Dear Carolyn:

I dated a woman for three years. Recently, I sat her down to talk about our lack of intimacy and her desire (or lack thereof) to keep our relationship going. She assured me we were okay. However, she grew distant, stopped calling from work and would sometimes receive mysterious phone calls. ("Hello, I'll call you back later.'') One day she went out with co-workers after work. I didn't hear from her for four hours, which is out of the norm. Later that night, we had a big blowup. The next day she said I overreacted and we eventually agreed to touch base whenever we are out with friends. Less than a week later she did it again. This time it was six hours, and whenever I called her cell, she did not answer. I decided to end the relationship. My family thinks I did the right thing, some friends think I should've been patient to see if she was really cheating. I didn't want to wait for a heartache that was inevitable. What do you think?

Drawing the Line

You "sat her down''? Are "drawing the line''? "Agreed to touch base''? Called her cell multiple times?

I think you need to realize that tightening your grip on a relationship isn't the way to hold on.

Also, I think that if you wait till somebody cheats before you end an unhappy relationship, you're going to be in some really unhappy relationships. You were dissatisfied, you were honest about it, you were making each other crazy, and you had plenty of signs from her that things weren't about to improve. Even if you could prove that she had been faithful, is this a relationship you would want back?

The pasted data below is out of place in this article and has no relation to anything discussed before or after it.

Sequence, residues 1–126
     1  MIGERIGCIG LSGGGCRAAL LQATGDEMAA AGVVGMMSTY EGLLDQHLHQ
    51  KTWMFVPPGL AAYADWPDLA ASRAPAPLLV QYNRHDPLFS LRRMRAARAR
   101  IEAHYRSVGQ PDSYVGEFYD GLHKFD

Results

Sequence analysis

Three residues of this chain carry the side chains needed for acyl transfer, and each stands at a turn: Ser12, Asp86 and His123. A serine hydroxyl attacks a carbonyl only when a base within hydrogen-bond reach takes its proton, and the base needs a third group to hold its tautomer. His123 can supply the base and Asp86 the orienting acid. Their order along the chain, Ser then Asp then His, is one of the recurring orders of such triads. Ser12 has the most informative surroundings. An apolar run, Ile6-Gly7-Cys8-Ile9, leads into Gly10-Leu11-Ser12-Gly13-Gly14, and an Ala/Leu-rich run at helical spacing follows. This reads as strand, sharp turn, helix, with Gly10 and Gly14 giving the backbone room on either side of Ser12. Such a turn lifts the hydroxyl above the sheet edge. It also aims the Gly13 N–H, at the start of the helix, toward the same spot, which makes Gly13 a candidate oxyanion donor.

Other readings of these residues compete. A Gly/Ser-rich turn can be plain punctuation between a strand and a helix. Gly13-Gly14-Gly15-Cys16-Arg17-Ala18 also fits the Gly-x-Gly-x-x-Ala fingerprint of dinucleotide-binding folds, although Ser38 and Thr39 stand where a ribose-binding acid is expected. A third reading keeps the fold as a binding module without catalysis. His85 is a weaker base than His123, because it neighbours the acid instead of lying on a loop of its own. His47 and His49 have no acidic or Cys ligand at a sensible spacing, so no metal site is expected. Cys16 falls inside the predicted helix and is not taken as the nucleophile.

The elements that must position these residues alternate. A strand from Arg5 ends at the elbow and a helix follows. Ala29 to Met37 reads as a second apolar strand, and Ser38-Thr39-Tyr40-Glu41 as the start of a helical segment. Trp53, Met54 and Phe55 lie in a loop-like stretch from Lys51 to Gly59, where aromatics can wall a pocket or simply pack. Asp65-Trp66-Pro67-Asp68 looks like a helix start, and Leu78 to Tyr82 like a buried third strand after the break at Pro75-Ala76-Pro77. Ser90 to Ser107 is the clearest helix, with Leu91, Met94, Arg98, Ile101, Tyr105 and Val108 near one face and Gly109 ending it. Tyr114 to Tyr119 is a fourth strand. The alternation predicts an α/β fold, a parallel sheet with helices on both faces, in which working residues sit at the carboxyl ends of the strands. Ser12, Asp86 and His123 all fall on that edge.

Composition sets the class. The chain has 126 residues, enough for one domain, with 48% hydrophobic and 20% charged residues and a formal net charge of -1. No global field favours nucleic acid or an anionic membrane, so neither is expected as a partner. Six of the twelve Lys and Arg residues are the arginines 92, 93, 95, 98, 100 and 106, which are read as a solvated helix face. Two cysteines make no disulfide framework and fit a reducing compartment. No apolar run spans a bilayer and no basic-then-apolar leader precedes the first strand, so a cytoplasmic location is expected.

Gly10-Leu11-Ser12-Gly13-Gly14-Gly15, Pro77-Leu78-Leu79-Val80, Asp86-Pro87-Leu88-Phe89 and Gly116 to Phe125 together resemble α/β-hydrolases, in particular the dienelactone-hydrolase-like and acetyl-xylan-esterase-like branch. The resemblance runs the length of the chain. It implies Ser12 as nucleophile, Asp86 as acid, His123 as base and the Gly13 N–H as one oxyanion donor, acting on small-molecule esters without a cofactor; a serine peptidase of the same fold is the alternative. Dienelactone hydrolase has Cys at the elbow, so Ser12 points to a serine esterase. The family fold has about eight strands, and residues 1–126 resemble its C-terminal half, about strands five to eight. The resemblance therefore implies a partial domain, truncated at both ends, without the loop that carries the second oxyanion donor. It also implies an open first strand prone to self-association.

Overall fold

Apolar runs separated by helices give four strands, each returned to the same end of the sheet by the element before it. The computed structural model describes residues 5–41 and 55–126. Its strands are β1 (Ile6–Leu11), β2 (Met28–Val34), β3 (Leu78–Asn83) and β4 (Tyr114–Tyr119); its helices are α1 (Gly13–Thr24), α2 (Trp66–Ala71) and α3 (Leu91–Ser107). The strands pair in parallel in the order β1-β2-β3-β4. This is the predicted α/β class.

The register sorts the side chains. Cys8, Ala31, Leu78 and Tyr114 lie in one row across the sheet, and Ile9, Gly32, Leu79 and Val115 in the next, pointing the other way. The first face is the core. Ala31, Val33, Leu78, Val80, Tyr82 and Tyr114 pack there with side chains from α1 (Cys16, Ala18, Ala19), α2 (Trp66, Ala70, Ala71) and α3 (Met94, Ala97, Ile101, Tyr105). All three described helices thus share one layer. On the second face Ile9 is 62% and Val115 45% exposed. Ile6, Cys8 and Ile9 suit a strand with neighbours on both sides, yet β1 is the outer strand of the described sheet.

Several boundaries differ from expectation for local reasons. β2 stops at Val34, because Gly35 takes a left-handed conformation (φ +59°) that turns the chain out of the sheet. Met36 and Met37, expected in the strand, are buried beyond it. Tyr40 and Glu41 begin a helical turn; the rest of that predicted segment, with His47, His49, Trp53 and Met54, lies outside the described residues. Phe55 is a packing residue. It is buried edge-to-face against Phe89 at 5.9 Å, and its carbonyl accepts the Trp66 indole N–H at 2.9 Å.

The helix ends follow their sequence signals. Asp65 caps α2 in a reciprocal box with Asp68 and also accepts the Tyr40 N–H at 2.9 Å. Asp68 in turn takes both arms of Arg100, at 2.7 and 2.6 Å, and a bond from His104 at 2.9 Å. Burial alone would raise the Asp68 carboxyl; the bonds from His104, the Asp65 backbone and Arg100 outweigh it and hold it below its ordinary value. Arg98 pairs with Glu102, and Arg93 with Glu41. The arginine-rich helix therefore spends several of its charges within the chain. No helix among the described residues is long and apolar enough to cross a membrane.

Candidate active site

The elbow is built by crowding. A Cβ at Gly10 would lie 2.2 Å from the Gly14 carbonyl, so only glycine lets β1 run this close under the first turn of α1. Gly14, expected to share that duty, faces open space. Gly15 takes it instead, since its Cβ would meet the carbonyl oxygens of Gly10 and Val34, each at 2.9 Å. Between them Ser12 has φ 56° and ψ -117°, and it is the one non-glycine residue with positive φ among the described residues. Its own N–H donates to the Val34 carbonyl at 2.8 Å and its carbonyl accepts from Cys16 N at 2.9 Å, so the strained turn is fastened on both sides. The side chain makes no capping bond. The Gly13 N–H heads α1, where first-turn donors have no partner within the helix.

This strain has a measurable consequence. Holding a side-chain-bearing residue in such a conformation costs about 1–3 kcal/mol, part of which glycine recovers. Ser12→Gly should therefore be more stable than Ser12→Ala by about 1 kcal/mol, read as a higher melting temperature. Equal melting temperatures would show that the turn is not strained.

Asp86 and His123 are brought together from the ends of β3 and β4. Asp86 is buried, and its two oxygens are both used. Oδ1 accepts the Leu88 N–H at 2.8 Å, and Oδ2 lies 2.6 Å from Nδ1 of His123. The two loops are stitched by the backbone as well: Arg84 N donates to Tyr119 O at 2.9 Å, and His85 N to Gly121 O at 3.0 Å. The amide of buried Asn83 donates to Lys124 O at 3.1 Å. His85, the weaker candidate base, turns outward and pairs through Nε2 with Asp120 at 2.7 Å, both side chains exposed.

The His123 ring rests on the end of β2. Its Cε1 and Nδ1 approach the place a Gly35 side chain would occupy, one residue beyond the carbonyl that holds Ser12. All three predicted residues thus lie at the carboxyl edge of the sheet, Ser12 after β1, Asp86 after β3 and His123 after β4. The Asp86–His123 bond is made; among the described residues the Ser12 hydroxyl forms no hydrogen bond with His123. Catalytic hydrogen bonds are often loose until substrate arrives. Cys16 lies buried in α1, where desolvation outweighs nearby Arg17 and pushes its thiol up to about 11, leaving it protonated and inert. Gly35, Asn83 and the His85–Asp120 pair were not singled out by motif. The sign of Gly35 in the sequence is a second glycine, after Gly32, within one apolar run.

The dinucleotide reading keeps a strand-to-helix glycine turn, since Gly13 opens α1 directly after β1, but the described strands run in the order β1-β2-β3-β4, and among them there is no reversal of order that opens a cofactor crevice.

Dear Carolyn:

I have had the most depressing time of my life. My best friend, "Patti," recently began to have feelings for my boyfriend, "Marc." He has loved me dearly within our relationship but now he seems more fascinated with her! I don't know what to do because I love Marc incredibly and I have been so close to Patti. How can I tell her this is not right and that Marc belongs to me?

Torn Apart in Twin Falls

There's no way to tell her Marc belongs to you because it's not true. And it's politically incorrect.

You can tell her it's not right, but why not just say what you mean? Paranoia is common here, so be patient in ruling it out -- but assuming you're right about this snowballing attraction, your feelings say more than your judgments. "Watching this happen has been the most depressing time of my life."

She should know what you see, and she should know what it's doing to you. Feelings happen, but there's no scenario that makes her competing for Marc okay.

And Marc should know that if he's more interested in Patti than he is in you, then you need to know so that you can get out of the way.

But only if you agree with me that the emotional equivalent of disemboweling yourself with a ballpoint pen sounds appealing -- when your alternatives are being the girlfriend of the guy who palpably wants someone else, and having to protect yourself from your own best friend.

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